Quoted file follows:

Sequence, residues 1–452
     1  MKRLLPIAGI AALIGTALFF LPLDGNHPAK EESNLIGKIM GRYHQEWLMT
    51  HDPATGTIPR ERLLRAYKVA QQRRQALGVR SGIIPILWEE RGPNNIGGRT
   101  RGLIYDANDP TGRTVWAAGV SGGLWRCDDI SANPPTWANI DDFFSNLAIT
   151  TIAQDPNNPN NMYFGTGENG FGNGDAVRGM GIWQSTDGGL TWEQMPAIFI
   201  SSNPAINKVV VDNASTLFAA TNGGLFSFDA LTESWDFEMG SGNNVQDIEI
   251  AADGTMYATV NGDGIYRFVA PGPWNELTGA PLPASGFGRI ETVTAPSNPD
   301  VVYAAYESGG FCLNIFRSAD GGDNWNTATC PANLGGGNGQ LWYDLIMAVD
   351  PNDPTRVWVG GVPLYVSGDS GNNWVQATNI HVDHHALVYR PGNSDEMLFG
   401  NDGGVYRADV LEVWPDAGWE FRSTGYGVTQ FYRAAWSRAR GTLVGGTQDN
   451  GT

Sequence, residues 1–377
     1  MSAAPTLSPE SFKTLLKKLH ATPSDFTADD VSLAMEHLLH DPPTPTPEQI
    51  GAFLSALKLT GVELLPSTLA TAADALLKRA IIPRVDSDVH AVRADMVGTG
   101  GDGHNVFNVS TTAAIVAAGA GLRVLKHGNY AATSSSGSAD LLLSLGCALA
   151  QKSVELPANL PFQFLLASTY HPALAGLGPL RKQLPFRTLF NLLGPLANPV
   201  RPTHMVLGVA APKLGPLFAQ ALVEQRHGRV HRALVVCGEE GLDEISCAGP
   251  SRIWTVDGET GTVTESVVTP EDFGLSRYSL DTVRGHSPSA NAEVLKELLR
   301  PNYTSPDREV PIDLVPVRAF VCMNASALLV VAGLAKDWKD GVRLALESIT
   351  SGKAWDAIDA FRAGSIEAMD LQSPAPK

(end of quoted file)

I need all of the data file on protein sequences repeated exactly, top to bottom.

Sequence, residues 1–452
     1  MKRLLPIAGI AALIGTALFF LPLDGNHPAK EESNLIGKIM GRYHQEWLMT
    51  HDPATGTIPR ERLLRAYKVA QQRRQALGVR SGIIPILWEE RGPNNIGGRT
   101  RGLIYDANDP TGRTVWAAGV SGGLWRCDDI SANPPTWANI DDFFSNLAIT
   151  TIAQDPNNPN NMYFGTGENG FGNGDAVRGM GIWQSTDGGL TWEQMPAIFI
   201  SSNPAINKVV VDNASTLFAA TNGGLFSFDA LTESWDFEMG SGNNVQDIEI
   251  AADGTMYATV NGDGIYRFVA PGPWNELTGA PLPASGFGRI ETVTAPSNPD
   301  VVYAAYESGG FCLNIFRSAD GGDNWNTATC PANLGGGNGQ LWYDLIMAVD
   351  PNDPTRVWVG GVPLYVSGDS GNNWVQATNI HVDHHALVYR PGNSDEMLFG
   401  NDGGVYRADV LEVWPDAGWE FRSTGYGVTQ FYRAAWSRAR GTLVGGTQDN
   451  GT

Sequence, residues 1–377
     1  MSAAPTLSPE SFKTLLKKLH ATPSDFTADD VSLAMEHLLH DPPTPTPEQI
    51  GAFLSALKLT GVELLPSTLA TAADALLKRA IIPRVDSDVH AVRADMVGTG
   101  GDGHNVFNVS TTAAIVAAGA GLRVLKHGNY AATSSSGSAD LLLSLGCALA
   151  QKSVELPANL PFQFLLASTY HPALAGLGPL RKQLPFRTLF NLLGPLANPV
   201  RPTHMVLGVA APKLGPLFAQ ALVEQRHGRV HRALVVCGEE GLDEISCAGP
   251  SRIWTVDGET GTVTESVVTP EDFGLSRYSL DTVRGHSPSA NAEVLKELLR
   301  PNYTSPDREV PIDLVPVRAF VCMNASALLV VAGLAKDWKD GVRLALESIT
   351  SGKAWDAIDA FRAGSIEAMD LQSPAPK